four months after completing the trek and two weeks after
giving birth to a son. He was named James Diego.
The Mormon Battalion's only "battle" was the Battle of the Bulls,
the result of a wild cattle stampede that resulted in the death
of fifteen bulls (shot), two mules (gored), and three wounded men.
When the Battalion completed its march, 15 men turned around and
escorted now-General Kearny back to Fort Leavenworth, 81 reenlisted,
and the rest (about 245) were discharged. Six of the latter were
at Sutter's Mill when gold was discovered 24 January 1848.
The Long Road to Refuge
Though it never fought a battle, the Mormon Battalion earned a place
in the history of the West. Perhaps its accomplishments were best
catalogued by its commanding officer, Colonel Philip St. George
Cooke, in his official summation of the journey for his commanders:
"History may be searched in vain for an equal march of infantry.
Nine-tenths of it has been through a wilderness where nothing but
savages and wild beasts are found, or deserts where, for want of
water, there is no living creature. There, with almost hopeless
labor, we have dug deep wells, which the future traveler will enjoy.
Without a guide who had traversed them, we have ventured into trackless
prairies where water was not found for several marches. With crowbar
and pick and ax in hand we have worked our way over mountains which
seemed to defy aught save the wild goat, and hewed a pass through
a chasm of living rock more narrow than our wagons. Thus, marching
half naked and half fed, and living upon wild animals, we have discovered
and made a road of great value to our country."11
A country, ironically, from which the main body of Latter-day Saints
now huddled in dugouts and crude shelters along the frozen banks of
the Missouri River were currently fleeing for their own safety. The
majority of Saints now gathered at Winter Quarters, Nebraska Territory,
were in fact European converts (as were a number of the Battalion
soldiers). Their eventual refuge, the Great Salt Lake Valley, lay
950 miles and seven difficult months to the west. On this January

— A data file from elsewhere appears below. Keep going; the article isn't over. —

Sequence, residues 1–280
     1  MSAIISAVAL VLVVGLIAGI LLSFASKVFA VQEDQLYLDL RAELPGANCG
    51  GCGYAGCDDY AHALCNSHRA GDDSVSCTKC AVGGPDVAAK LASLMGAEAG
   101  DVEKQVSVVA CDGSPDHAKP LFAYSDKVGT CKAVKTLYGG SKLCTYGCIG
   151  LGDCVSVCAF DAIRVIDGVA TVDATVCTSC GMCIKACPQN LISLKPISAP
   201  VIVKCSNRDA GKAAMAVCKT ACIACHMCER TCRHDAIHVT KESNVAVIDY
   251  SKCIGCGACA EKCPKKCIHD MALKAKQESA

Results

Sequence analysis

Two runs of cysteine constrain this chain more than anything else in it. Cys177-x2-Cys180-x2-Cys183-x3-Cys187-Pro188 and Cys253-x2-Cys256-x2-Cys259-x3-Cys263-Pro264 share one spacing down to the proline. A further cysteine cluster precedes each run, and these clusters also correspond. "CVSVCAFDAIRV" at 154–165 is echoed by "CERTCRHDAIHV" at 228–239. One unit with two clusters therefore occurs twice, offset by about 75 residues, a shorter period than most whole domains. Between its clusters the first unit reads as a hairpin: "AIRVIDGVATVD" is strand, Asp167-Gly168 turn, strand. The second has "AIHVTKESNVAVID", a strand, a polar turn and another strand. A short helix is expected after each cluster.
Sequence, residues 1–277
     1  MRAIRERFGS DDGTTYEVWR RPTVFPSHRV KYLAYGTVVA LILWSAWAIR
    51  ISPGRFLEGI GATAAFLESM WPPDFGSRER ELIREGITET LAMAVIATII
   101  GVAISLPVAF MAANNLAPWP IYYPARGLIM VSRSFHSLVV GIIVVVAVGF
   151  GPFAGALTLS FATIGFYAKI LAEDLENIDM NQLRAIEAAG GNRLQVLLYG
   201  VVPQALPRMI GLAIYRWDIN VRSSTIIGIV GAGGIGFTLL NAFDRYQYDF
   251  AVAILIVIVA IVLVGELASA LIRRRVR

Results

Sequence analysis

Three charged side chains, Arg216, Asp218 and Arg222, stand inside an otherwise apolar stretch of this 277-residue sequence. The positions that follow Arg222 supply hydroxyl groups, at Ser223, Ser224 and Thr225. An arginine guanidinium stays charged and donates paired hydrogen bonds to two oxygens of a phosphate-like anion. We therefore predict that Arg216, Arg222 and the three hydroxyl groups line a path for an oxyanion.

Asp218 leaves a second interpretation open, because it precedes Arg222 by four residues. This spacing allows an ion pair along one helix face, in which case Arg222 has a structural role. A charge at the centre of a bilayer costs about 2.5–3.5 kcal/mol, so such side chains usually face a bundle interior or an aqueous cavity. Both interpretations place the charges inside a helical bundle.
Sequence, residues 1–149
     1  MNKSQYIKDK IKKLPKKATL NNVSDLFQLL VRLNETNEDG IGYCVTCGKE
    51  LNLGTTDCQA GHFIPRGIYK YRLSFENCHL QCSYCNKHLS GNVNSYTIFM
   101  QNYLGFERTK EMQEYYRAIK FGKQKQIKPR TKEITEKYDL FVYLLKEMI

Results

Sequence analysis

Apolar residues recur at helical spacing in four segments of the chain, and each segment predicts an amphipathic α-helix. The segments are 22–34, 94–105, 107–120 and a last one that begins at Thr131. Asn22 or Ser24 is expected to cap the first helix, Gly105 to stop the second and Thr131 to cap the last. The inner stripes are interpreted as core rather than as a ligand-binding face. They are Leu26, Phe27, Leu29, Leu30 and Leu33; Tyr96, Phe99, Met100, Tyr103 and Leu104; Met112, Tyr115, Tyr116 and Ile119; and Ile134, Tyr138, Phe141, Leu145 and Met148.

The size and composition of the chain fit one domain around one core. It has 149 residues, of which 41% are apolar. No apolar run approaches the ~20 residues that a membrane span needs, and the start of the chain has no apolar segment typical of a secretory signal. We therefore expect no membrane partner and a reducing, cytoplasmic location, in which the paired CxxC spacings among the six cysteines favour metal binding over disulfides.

29 of 1847, that distant refuge was in Mexican Territory. One year
later almost to the day (2 February), and owing in large measure to
the success of the Battalion, it would be American. (Another 48 years
would pass before Utah would be granted statehood.)
There are literally scores of Mormon Battalion
trail markers* between Mt. Pisgah (Iowa) and San
Diego, where the largest and most extensive Mormon Battalion
monument is the Mormon Battalion Memorial and
Visitor Center in Presidio Park, 2510 Juan Street,
Old Town, San Diego, California.
"post-San Diego" sites in California are also
significant. The first is an enormous monument near
city hall in downtown Los Angeles, where the
Battalion erected Fort Moore; the second is found
12 miles northwest of San Bernardino, just off
state highway 138 at the foot of Cajon Pass, where
25 recently-discharged Battalion soldiers blazed a
wagon trail across the Sierra Nevada in their
journey back to their families and their new refuge
of faith in the Valley of the Great Salt
*The best trail
guide for Mormon Battalion markers is Stanley B.
Kimball's Historic Sites
and Other Markers Along the Mormon and Other Great
University of Illinois Press, 1988.
Church President Heber J. Grant, whose own parents walked
across those bitter plains, spoke of the episode more than
70 years later:
"When the Latter-day Saints were being driven from their homes,
. . . driven from the confines of the United States [onto] Mexican
soil . . . [t]he [U.S.] government called on
Brigham Young for 500 men to help fight Mexico. . . . Show
to me, if you can, in all the history of the world another case
of a people being expatriated, being driven from their own country,
from their own lands which they had purchased, . . . the last remnant
of them crossing the Mississippi River in the dead of winter, on
the ice, nine babies being born during the night of that terrible
expulsion, with no shelter . . ., going forth on their journey of
a thousand miles in the wilderness, after having appealed to the
president of their republic, who could only say: "Your cause is
just, but we can do nothing for you" [see Endnote 1]show me